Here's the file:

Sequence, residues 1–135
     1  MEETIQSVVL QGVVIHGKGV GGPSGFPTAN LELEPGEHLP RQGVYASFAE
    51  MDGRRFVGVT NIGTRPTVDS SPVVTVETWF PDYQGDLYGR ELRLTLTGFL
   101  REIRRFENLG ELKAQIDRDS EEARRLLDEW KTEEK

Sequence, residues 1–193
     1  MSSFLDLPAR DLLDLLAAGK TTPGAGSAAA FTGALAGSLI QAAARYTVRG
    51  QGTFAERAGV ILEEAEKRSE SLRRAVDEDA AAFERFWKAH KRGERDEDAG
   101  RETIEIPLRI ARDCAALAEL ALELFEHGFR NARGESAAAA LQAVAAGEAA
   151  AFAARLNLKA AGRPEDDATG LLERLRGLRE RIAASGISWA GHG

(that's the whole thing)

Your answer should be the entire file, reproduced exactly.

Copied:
Sequence, residues 1–135
     1  MEETIQSVVL QGVVIHGKGV GGPSGFPTAN LELEPGEHLP RQGVYASFAE
    51  MDGRRFVGVT NIGTRPTVDS SPVVTVETWF PDYQGDLYGR ELRLTLTGFL
   101  REIRRFENLG ELKAQIDRDS EEARRLLDEW KTEEK

Sequence, residues 1–193
     1  MSSFLDLPAR DLLDLLAAGK TTPGAGSAAA FTGALAGSLI QAAARYTVRG
    51  QGTFAERAGV ILEEAEKRSE SLRRAVDEDA AAFERFWKAH KRGERDEDAG
   101  RETIEIPLRI ARDCAALAEL ALELFEHGFR NARGESAAAA LQAVAAGEAA
   151  AFAARLNLKA AGRPEDDATG LLERLRGLRE RIAASGISWA GHG